Posts tagged emile zola
“The artist is nothing without the gift, but the gift is nothing without work“
Emile Zola (1840-1902) French artist and philosopher
Welcome to the second in our series on “Finding the Time to Write”.
Now in the last session we discussed the real problem that we have. We cover it up by calling it “Not enough time to write” or some such excuse. Let me be clear here. I’m using the word excuse here because it focuses on a symptom or a solution. Unless we focus on the real problem, we won’t be able to solve it. What’s the real problem? The real problem is simply “Not being able to get our book written”.
Examining that problem led us to the Work Equation. When that equation gets out of balance then we can’t get any writing done.
Cool so far?
Okay, in the next six minutes or so of this session we’re going to talk about identifying a solution to our problem.
So how do you get the Work Equation back into balance? How do you make sure that you are really going to write?
The answer is that you need to deal with all three elements of the work equation. Doing just one won’t cut it. That’s why you get the usual advice that just doesn’t seem to work. It’s not that it’s wrong per se. It just doesn’t work because it focuses on only part of the problem.
Yes, the solution is personal. My solution won’t work for you and your solutions won’t work for me. That’s fine. And yes, you can make poor decisions and poor choices. It’s unlikely given the problem but you can do it. Nevertheless, it’s not you.
The advice you usually get won’t work for anyone … except in a few unusual cases. It’s the advice itself that’s wrong.
In the last session, I gave the three most common versions of advice that are used to fix the problem of not being able to write a book. You’ll notice that “Figure out why you’re writing” and “Visualize the result” are focused on building the desire to write. “Just get it done” is focused on the system. Okay, I’m being generous here. Some people just like being cantankerous. But I’m going to give them the benefit of the doubt. I’m going to focus on the positive here and presume they are talking about following a particular system.
The fourth most common piece of advice I didn’t really mention last time. It is usually referred to as building time management skills. This is focused on the ‘available time’ part of the equation.
And that’s why they don’t work. They’re all attempting to fix all of the problem by only fixing part of the problem. And since they don’t fix the whole — something else just goes wrong. You get past that bump and run into a wall.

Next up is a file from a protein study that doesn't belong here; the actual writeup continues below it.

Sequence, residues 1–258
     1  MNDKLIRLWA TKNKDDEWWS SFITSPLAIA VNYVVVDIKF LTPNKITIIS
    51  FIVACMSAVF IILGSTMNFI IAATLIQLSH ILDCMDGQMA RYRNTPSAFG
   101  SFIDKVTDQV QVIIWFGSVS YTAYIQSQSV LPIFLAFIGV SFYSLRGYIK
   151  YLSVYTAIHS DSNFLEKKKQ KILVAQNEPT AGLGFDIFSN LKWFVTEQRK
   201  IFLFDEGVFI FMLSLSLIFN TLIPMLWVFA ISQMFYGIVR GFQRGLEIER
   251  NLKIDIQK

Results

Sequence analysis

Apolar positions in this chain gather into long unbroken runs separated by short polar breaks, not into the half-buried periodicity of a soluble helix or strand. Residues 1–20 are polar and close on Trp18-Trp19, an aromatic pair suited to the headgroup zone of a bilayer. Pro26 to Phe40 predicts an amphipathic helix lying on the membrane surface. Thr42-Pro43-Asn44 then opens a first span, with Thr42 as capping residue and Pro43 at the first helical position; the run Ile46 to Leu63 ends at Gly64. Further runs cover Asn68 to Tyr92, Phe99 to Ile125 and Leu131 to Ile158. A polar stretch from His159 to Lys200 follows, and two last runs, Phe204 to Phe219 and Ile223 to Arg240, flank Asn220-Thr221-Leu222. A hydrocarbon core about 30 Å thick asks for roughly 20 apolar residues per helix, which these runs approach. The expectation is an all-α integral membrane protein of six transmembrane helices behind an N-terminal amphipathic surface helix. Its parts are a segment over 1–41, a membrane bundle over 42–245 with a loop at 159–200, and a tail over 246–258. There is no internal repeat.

So how do we deal with the whole? How do we fix the whole problem?
That’s where the three elements come in.
Now the first element is Desire. To build that up we need to focus on motivating ourselves. No different than any other employee. Just part of being a manager. We have to work too. We’re employees too. So you need to manage yourself. And part of that management is to keep yourself focused and interested in producing. In other words — motivated.
Now there’s two parts to motivation. The first is to figure out what will motivate you. “Figure out why you’re writing” as the guru said. Not entirely bad advice, just incomplete. The second part is that you need to continually reinforce the motivation. Motivation fades with time. It’s not a one-time effort. You need to continually motivate yourself.
The second element is Time. Let’s get practical here for a second. If you don’t have at least four hours to write per week, you’re never going to finish. Sorry. Even at four hours a week, you’re going to have a problem maintaining your motivation over the two months it will take to write a short 100-page book. So you need to find the time. And that means you may have to adjust your current schedule.
Look, we’re all busy today. I don’t know anyone who can just sit around for four hours a week. Or anyone who has a spare 24 hours to spend in a week. If you want to write, you’re going to have to become more efficient and more effective with your time. You’re going to have to steal minutes from other tasks.
Finally, the third element is actually three separate elements we can combine into one. Overall, I call it “The Effort Involved”. The solution to that piece of the pie lies in what we term your writing system. Now, I’m changing hats here for a second and talking from a Process Analyst point of view here. That’s why the “We”. It’s plural not royal. Okay? A system — any system — consists of process, environment and agents. How you write is the process. You’re the agent in this case, so we’re really talking about your work habits. And by environment, we’re talking about where you write. Mix them together and you have a writing system.
And your writing system determines how long it will take you to write and how easy it will be.
So the solution to finding the time to write is really a combination of Motivation + System + Stealing Time from your busy day.
Now here’s the kicker. You’re going to have to determine the details of the solution yourself. Why? Because it needs to be customized for you. What works for me won’t work for you. What works for you won’t work for me.
However, there are commonalities … ideas that I can share from which you can pick and choose exactly what you will use. And that’s what the next session will be about.
I hope you enjoyed this session and that you found it useful. In our next and last session, I’m going to give you three practical tips to help you develop your solution to the problem of finding the time to write. And I’ll also have a very special offer for you.